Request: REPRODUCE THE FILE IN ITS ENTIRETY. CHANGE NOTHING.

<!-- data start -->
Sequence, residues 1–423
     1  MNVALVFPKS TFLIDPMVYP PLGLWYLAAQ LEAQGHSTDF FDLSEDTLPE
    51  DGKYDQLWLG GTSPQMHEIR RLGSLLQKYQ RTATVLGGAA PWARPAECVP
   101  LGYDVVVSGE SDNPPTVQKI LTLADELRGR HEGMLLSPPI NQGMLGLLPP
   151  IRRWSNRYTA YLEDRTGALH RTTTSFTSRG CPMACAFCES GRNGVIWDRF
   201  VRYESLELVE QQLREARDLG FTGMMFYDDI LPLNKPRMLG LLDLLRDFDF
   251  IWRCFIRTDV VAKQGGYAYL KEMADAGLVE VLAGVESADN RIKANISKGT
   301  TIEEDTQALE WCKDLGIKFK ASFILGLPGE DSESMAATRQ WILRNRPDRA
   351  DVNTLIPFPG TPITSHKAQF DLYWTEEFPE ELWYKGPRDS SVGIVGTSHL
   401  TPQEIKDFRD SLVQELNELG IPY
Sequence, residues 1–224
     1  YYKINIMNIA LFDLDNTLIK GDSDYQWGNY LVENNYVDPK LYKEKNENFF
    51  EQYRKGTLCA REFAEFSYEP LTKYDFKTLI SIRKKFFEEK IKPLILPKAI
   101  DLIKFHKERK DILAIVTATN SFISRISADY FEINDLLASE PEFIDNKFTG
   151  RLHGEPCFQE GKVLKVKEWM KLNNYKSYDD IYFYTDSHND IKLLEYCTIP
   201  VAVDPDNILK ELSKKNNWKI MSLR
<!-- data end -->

Sequence, residues 1–423
     1  MNVALVFPKS TFLIDPMVYP PLGLWYLAAQ LEAQGHSTDF FDLSEDTLPE
    51  DGKYDQLWLG GTSPQMHEIR RLGSLLQKYQ RTATVLGGAA PWARPAECVP
   101  LGYDVVVSGE SDNPPTVQKI LTLADELRGR HEGMLLSPPI NQGMLGLLPP
   151  IRRWSNRYTA YLEDRTGALH RTTTSFTSRG CPMACAFCES GRNGVIWDRF
   201  VRYESLELVE QQLREARDLG FTGMMFYDDI LPLNKPRMLG LLDLLRDFDF
   251  IWRCFIRTDV VAKQGGYAYL KEMADAGLVE VLAGVESADN RIKANISKGT
   301  TIEEDTQALE WCKDLGIKFK ASFILGLPGE DSESMAATRQ WILRNRPDRA
   351  DVNTLIPFPG TPITSHKAQF DLYWTEEFPE ELWYKGPRDS SVGIVGTSHL
   401  TPQEIKDFRD SLVQELNELG IPY
Sequence, residues 1–224
     1  YYKINIMNIA LFDLDNTLIK GDSDYQWGNY LVENNYVDPK LYKEKNENFF
    51  EQYRKGTLCA REFAEFSYEP LTKYDFKTLI SIRKKFFEEK IKPLILPKAI
   101  DLIKFHKERK DILAIVTATN SFISRISADY FEINDLLASE PEFIDNKFTG
   151  RLHGEPCFQE GKVLKVKEWM KLNNYKSYDD IYFYTDSHND IKLLEYCTIP
   201  VAVDPDNILK ELSKKNNWKI MSLR